As mentioned above, useful native speakers tend to do about half the work of their Korean counterparts, who deal with paperwork, tests, homework, phone calls from parents, report cards and so much more. I would classify myself as a useful native speaker in that I could teach a class by myself, without the assistance of a Korean teacher to discipline students or translate my instructions (though I can speak Korean well enough to interact in a workplace, I seldom used it in class, to the point that about half of my students had no idea that I understood just about everything they said). I was also useful because I did not need a co-worker to assist me with the mundane details of my life, such as taking me to the bank, dentist or handling problems with my apartment or landlord. In the case of teachers who needed a “co-teacher,” a euphemistic term for someone who was actually your immediate supervisor, to help them with a wide range of tasks, I suspect that they might well have created more work for others than they did themselves.

It’s not necessarily true that English education will suffer just because native English speakers are leaving the public school system, but it’s also not true that well-qualified Korean English teachers with a high degree of proficiency will soon do what their predecessors, as well as foreigners who spoke English as their mother tongue, could not do. Most of the English teachers at the middle school where I worked had a very high degree of English proficiency, but their lessons did not reflect this proficiency. Instead, English class was about memorizing words and passages, being able to translate them into Korean, and to reproduce all of this on demand. A complex mixture of parental involvement, shoddy textbooks and a view that English, like math or science, must always have a right or wrong answer ensures that no matter how qualified or well-trained teachers might be, it is in nobody’s interest to change the practices that dominate English education at the present.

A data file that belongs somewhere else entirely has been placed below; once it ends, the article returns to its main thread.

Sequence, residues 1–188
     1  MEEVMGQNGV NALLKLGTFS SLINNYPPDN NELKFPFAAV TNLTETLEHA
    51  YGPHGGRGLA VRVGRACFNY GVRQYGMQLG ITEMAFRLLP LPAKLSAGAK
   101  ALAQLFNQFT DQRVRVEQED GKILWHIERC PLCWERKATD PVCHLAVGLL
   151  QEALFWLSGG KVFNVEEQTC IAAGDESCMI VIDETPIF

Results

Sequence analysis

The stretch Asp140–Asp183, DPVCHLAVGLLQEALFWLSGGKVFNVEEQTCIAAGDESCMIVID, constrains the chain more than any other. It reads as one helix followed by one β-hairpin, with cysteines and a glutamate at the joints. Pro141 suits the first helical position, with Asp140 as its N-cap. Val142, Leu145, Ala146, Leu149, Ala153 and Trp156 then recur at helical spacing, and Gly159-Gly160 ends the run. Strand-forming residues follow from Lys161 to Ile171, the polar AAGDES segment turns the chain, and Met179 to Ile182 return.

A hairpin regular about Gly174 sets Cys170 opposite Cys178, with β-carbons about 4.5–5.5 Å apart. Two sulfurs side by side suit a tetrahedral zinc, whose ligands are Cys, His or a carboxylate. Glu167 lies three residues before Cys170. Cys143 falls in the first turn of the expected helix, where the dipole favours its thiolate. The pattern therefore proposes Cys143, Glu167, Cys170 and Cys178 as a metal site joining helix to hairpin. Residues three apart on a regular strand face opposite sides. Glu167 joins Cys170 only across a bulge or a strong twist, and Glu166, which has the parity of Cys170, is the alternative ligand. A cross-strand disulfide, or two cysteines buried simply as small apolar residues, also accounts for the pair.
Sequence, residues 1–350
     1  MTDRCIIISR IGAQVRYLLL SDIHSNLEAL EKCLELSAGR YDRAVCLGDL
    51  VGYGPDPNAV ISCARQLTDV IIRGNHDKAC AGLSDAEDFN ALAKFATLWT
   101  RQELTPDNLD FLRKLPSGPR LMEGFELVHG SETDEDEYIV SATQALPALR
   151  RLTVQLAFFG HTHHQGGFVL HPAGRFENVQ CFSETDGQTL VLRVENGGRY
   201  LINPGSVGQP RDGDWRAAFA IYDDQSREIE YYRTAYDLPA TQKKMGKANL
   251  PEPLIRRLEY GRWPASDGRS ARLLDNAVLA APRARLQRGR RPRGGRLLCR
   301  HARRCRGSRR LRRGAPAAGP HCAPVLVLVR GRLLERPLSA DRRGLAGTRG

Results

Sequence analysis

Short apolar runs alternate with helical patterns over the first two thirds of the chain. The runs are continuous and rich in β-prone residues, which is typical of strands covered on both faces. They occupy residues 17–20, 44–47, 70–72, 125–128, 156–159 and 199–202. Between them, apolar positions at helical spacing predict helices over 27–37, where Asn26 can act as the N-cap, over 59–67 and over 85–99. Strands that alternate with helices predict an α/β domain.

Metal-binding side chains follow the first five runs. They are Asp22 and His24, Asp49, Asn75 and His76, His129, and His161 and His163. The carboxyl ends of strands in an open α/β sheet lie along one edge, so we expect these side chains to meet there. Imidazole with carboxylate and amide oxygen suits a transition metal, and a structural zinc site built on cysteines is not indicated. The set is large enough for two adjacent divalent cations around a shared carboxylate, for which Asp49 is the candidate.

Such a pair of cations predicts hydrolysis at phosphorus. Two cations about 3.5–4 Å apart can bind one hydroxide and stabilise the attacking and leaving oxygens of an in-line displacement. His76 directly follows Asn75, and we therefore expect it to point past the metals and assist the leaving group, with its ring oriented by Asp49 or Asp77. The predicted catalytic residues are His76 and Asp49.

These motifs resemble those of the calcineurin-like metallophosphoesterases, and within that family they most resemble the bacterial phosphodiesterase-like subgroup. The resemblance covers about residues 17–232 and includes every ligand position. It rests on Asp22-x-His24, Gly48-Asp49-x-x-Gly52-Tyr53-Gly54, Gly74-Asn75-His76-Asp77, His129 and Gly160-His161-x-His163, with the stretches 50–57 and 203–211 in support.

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27 comments

  1. Josette

    Boom! I’m sorry for not producing a better comment. This post is directly connected to a personal rant I had with my teacher-trainees today. Korean English education system, good luck.

  2. Jonny Lewington

    Intersting experiences. Working in London, we often see the fallback of the Korean education system – we often get learners who can’t pronounce anything clearly, have no concept of collocation, and who are addicted to translating every word they read. And, of course, they want to know ‘when I can make the IELTS exam’?

    I’ve seen similar things happen in Vietnam, although recently I think things there are improving a lot. A lot of research and stuff is being done by Chinese scholars in Western universities (often funded by the Vietnamese government), which is filtering through slowly to the education system in Vietnam, where most Vietnamese English teachers are now much more aware of communicative approaches. Maybe a similar thing will happen in Korea soon. But obviously, its a slow process.

  3. Rob Dickey

    Ding-dong-dang!
    Purfekt!
    Proverbially, ‘You’ve hit the nail on the head.’ (hmmm, perhaps that’s not really a proverb, but most high school students study that phrase.)

    Foreigners (sic: ‘native-speakers, though some actually weren’t) were in schools under the classic Korean strategy ‘Look like you are working on the problem even if you have no clue.’

    Young Korean teachers of English who actually would like to teach through communicative approaches are soon battered down by authorities who demand classic ‘teach to the test’ designs. Looking at it from the perspective of student career development, who DOESN’T want their kids to enter the ‘best’ universities, where students have a hope for ‘successful’ careers?

    So it’s all about the REAL test (univ admissions), and while national standing on international English exams (e.g., IELTS) may shame the nation, really, isn’t this kid’s personal life more important?

  4. ratnavathy

    Hello Mike!

    Very interesting read indeed. If I’d have been in that situation (of a native speaker teacher working in a public school), I think I’d have gone bonkers with literally nothing to do in my hands.

    My question is, why doesn’t the Korean government see the need for change in their style of ELT? With such advanced technology that they have (compared to Malaysia), I’m sure they’ve got enough exposure via internet to the changes and trend in current day teaching (compared to their traditional method).

    Just a thought in my mind. Enjoyed reading your posts, as always 🙂

    Ratna

  5. Christopher Miller (@Christo63789662)